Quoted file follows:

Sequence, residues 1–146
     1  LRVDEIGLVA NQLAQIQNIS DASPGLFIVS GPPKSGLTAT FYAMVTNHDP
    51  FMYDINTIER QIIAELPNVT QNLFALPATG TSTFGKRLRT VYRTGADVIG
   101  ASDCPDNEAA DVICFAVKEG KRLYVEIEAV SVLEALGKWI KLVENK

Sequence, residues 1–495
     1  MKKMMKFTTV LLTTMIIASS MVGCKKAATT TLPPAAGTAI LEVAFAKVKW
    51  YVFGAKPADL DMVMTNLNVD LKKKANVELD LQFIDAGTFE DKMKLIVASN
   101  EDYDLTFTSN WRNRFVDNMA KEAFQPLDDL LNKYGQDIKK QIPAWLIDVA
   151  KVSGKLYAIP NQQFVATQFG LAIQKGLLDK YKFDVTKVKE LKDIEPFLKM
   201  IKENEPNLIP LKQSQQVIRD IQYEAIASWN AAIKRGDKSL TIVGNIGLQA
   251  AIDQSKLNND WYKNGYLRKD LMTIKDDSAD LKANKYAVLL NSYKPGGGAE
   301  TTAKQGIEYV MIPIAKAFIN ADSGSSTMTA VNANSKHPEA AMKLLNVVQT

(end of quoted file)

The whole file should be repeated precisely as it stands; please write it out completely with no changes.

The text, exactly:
Sequence, residues 1–146
     1  LRVDEIGLVA NQLAQIQNIS DASPGLFIVS GPPKSGLTAT FYAMVTNHDP
    51  FMYDINTIER QIIAELPNVT QNLFALPATG TSTFGKRLRT VYRTGADVIG
   101  ASDCPDNEAA DVICFAVKEG KRLYVEIEAV SVLEALGKWI KLVENK

Sequence, residues 1–495
     1  MKKMMKFTTV LLTTMIIASS MVGCKKAATT TLPPAAGTAI LEVAFAKVKW
    51  YVFGAKPADL DMVMTNLNVD LKKKANVELD LQFIDAGTFE DKMKLIVASN
   101  EDYDLTFTSN WRNRFVDNMA KEAFQPLDDL LNKYGQDIKK QIPAWLIDVA
   151  KVSGKLYAIP NQQFVATQFG LAIQKGLLDK YKFDVTKVKE LKDIEPFLKM
   201  IKENEPNLIP LKQSQQVIRD IQYEAIASWN AAIKRGDKSL TIVGNIGLQA
   251  AIDQSKLNND WYKNGYLRKD LMTIKDDSAD LKANKYAVLL NSYKPGGGAE
   301  TTAKQGIEYV MIPIAKAFIN ADSGSSTMTA VNANSKHPEA AMKLLNVVQT